April 10, 2014 at 10:05 PM

  16. Gnosticism is the oldest of the Christian heresies. It’s main fallacy is doing what Eric Voegelin called “immanentizing the eschaton.”


    April 10, 2014 at 10:21 PM

    • How can you talk about “immanentizing the eschaton” without talking about the Olivet discourse? “Truly, I say to you, this generation will not pass away” until “all the tribes of the earth … see the Son of man coming on the clouds of heaven with power and great glory” (Matthew 24). Is it, then, that Jesus was a heretic?

      Greg Pandatshang

      April 11, 2014 at 6:23 PM

      • Carp! I only just realized that I’ve misunderstood what “immanentizing the eschaton”. Please disregard and ignore.

        Greg Pandatshang

        April 11, 2014 at 6:26 PM

  17. Your conclusion is mildly overstated. Mark has a special status because it appears to be the oldest of the known Gospels. Matthew and Luke are based primarily on Mark, which means they have some early elements. John is a whole ‘nother matter.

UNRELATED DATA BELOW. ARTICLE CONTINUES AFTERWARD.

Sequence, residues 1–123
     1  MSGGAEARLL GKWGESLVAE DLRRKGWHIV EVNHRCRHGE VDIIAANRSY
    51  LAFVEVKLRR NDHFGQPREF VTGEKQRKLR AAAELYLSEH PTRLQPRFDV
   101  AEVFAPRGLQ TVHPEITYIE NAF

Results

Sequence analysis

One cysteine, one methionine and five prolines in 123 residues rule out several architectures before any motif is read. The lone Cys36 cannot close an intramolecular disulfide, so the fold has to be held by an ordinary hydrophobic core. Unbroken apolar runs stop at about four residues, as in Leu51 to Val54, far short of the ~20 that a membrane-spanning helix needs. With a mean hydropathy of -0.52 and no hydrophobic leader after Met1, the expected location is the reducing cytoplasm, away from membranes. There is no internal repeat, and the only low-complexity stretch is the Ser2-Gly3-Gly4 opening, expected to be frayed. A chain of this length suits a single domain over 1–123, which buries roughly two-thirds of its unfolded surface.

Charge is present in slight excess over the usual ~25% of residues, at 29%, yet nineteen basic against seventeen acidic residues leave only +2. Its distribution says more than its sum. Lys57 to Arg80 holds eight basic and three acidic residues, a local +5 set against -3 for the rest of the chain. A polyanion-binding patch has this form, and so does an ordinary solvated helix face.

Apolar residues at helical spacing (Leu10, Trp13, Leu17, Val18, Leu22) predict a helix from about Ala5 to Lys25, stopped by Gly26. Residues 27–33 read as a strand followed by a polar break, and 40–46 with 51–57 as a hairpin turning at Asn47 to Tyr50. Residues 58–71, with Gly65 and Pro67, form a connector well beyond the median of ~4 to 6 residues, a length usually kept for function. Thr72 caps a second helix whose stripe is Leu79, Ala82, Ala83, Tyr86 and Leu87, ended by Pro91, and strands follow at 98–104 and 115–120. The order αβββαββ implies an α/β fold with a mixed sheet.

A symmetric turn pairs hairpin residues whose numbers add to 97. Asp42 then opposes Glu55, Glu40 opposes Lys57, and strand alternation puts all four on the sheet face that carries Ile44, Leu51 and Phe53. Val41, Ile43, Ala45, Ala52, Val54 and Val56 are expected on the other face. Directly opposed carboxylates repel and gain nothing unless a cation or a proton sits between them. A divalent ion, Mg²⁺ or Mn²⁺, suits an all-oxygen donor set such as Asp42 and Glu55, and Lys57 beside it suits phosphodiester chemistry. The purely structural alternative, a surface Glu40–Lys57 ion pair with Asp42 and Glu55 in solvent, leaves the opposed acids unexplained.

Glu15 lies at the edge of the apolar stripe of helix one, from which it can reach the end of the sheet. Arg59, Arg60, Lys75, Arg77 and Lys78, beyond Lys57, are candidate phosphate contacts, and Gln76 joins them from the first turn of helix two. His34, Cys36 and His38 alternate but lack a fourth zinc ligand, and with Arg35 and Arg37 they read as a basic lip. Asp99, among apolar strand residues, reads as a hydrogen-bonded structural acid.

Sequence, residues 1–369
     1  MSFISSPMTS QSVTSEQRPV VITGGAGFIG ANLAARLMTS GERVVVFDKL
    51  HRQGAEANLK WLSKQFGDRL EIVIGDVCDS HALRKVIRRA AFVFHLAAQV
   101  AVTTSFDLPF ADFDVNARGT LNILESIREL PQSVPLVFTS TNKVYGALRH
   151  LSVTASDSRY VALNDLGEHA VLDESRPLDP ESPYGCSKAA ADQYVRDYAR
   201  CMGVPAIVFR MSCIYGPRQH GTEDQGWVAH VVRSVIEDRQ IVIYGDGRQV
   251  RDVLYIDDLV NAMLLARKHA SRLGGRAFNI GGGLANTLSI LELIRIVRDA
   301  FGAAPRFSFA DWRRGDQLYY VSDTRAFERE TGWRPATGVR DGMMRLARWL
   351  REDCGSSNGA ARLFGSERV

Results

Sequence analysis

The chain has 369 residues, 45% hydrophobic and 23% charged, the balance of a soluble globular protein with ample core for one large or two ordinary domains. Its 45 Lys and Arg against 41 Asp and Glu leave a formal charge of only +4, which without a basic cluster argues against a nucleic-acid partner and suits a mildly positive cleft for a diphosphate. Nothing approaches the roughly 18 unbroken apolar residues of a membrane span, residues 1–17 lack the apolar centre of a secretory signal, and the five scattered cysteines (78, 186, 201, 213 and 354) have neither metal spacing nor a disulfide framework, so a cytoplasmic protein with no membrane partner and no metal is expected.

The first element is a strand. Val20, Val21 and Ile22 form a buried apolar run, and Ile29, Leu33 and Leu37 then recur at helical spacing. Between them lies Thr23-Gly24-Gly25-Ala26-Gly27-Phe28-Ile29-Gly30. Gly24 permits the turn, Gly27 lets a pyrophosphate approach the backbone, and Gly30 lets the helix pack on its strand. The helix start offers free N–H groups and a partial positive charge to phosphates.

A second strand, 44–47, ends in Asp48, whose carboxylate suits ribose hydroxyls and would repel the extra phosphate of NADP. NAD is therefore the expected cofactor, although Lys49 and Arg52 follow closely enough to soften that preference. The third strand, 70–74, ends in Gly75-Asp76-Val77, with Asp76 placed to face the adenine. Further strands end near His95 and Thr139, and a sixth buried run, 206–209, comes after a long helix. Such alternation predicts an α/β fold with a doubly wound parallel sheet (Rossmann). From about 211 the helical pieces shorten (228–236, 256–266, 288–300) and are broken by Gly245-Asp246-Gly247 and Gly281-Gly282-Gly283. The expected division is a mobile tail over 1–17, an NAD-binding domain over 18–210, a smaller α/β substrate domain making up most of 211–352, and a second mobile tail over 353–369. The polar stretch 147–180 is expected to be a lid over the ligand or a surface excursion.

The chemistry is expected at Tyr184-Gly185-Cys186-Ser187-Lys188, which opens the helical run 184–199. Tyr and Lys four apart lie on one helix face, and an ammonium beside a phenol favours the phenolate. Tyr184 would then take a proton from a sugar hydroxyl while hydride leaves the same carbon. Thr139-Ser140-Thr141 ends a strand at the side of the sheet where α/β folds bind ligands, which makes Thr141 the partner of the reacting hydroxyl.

That said, I suspect Mark had earlier sources that we don’t have access to. Clearly, many early works didn’t survive to the present; most notably including the Q document which was a secondary source for Matthew and Luke. The early heresiologists mention various gospels that we don’t have copies of. The large fragment of the Gospel of Peter that we do have might contain elements that are older than Mark (Peter per se is clearly a patchwork from different sources, including the canonical gospels and others that are otherwise unknown).

    The obscure texts that we do have access to tend to come from Egypt, for a coupla few reasons, in particular the dry climate. They don’t necessarily represent a random cross-section of what people in the ancient world were reading.

    Greg Pandatshang

    April 11, 2014 at 6:18 PM

  18. Dan Brown was right!


    April 13, 2014 at 11:36 AM